Race Team confidential: Antron Brown, Brownsburg, IN


There’s little downtime for a championship-winning driver who splits the offseason between Top Fuel and his sons’ Jr. Dragster teams. 

A normal offseason is less than 90 days from Pomona to Pomona on the NHRA side. We keep plenty busy because it goes fast with staying in shape at the gym to the guys refreshing the parts, the branding on the car, trailers, uniforms, photo shoots, and testing before the first race, which this year is at Gainesville in March.

In addition, my sons Anson and Adler both race in the Midwest Jr. Super Series. Anson races the 7.90 Index, Sportsman, Pro Sportsman, and also in the 13-and-up age group. Adler races in the 10- to 12-year-old age group, Pro Sportsman, and 8.90 Index. Anson was 8 when he started and is now 16, while Adler started at age 6 and is now 12.

The difference between me driving rather than being a crew chief is that when I race Top Fuel, all I have to do is drive and mix fuel. I don’t have to worry about the car or what it does, or about the tune-up to make the car better.

But, as crew chief on the Juniors, I’m now worried about everything that I’m not used to having to focus on during the NHRA national events, like what tire pressure we need for the conditions, or how to jet it or tune it, or how to tune the clutch. At the same time, I’m trying to coach them to be better race car drivers so they can improve and learn from their mistakes.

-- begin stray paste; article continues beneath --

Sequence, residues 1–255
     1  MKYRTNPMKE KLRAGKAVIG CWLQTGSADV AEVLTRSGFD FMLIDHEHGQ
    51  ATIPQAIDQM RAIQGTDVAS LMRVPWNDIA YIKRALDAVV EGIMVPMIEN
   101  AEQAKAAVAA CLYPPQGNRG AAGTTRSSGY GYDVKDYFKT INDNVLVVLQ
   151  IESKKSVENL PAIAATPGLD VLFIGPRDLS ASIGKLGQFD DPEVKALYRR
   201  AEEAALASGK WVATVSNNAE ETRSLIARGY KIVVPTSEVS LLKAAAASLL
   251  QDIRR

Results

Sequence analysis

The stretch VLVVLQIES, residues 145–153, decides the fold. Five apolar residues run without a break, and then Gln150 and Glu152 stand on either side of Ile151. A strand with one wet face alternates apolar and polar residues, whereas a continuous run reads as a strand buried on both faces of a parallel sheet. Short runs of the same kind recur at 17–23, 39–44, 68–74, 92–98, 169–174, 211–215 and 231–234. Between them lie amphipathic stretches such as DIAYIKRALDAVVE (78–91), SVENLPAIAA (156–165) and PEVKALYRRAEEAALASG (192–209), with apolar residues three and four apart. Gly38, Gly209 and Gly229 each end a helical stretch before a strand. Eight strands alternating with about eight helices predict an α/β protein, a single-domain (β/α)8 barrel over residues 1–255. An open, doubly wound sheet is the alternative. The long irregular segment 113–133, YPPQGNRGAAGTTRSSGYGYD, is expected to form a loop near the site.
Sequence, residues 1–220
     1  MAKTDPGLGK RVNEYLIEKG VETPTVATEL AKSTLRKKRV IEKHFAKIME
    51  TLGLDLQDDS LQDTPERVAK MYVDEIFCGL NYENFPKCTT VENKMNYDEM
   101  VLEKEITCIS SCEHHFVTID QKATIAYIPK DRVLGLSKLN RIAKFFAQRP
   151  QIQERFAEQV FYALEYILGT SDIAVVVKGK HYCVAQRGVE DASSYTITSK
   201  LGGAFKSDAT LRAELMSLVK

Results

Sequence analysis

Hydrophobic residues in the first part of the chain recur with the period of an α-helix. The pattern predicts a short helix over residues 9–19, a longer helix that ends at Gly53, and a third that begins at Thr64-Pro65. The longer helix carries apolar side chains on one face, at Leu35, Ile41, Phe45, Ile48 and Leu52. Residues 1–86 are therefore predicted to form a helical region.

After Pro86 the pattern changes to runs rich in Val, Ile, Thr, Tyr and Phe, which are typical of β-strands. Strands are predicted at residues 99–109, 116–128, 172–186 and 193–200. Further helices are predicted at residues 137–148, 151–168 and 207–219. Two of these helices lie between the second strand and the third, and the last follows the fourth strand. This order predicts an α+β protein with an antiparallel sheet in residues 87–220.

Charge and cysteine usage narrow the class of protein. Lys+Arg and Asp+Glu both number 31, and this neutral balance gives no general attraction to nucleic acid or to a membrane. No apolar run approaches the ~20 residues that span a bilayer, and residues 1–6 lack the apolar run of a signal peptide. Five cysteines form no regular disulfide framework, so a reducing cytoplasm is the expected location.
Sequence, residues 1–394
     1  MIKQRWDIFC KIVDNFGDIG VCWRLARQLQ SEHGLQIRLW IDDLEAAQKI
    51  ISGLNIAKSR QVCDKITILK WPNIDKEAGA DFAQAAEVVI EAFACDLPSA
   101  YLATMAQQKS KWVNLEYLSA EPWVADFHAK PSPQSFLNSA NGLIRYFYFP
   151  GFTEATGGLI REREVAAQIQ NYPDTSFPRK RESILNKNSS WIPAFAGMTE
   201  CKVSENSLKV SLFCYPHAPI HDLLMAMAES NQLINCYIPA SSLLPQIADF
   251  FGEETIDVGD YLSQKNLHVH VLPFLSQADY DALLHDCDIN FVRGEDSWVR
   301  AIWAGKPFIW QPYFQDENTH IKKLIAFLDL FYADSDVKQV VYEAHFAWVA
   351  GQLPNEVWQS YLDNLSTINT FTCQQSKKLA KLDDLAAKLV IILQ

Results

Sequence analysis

I’ve always been interested in the mechanical side of the race car and how things work and operate. [As their crew chief], if I understand the mechanics, I feel that it makes me a better driver. It makes me look at more things on the car that I can then talk to my crew chiefs about—things I feel going down the race track in the dragster.

With the Juniors, we’re spending time now going out in the shop and tearing the race cars down and putting the eagle-eye on the chassis and parts to make sure their cars are perfect. We replace the bearings in the rear axles, make sure the engines are prepped, and we’ll send them off to get freshened up. We also get new windshields, make sure they fit in the car properly and safely, and renew their NHRA competition license.

Pre-COVID, the kids would attend the PRI Show in Indy and walk the floor with me and visit the booths and spend time with our partners. We will do social media and showcase the offseason and what we’re working on. We like to focus on what Impact Racing does and can provide for safety for the youngsters, also.

My approach to sponsorship is that we deliver for our partners who support us. COVID and pre-COVID are two different worlds. Pre-COVID, I would do a lot of in-person events like speaking at vocational schools, meetings with our sponsors and distributors, appearances at Matco Tools events, and things like that.

But with COVID, we don’t foresee doing any in-person events or meetings until mid-2021. So, for now, we use Skype or Microsoft Teams for meetings with our sponsors to discuss what value we can bring to them during these times.

We’re also really hitting social media hard with requested messaging points from our partners. Instagram is our biggest focus because it brings the most value, but we do Twitter as well, and Facebook gets some good engagement.

For the Juniors, it’s really no different than what we do for Top Fuel and the NHRA Camping World series, just on a smaller scale. The kids have to learn to put in the work and time, and learn the value of having loyal partners. It’s great life lessons. 

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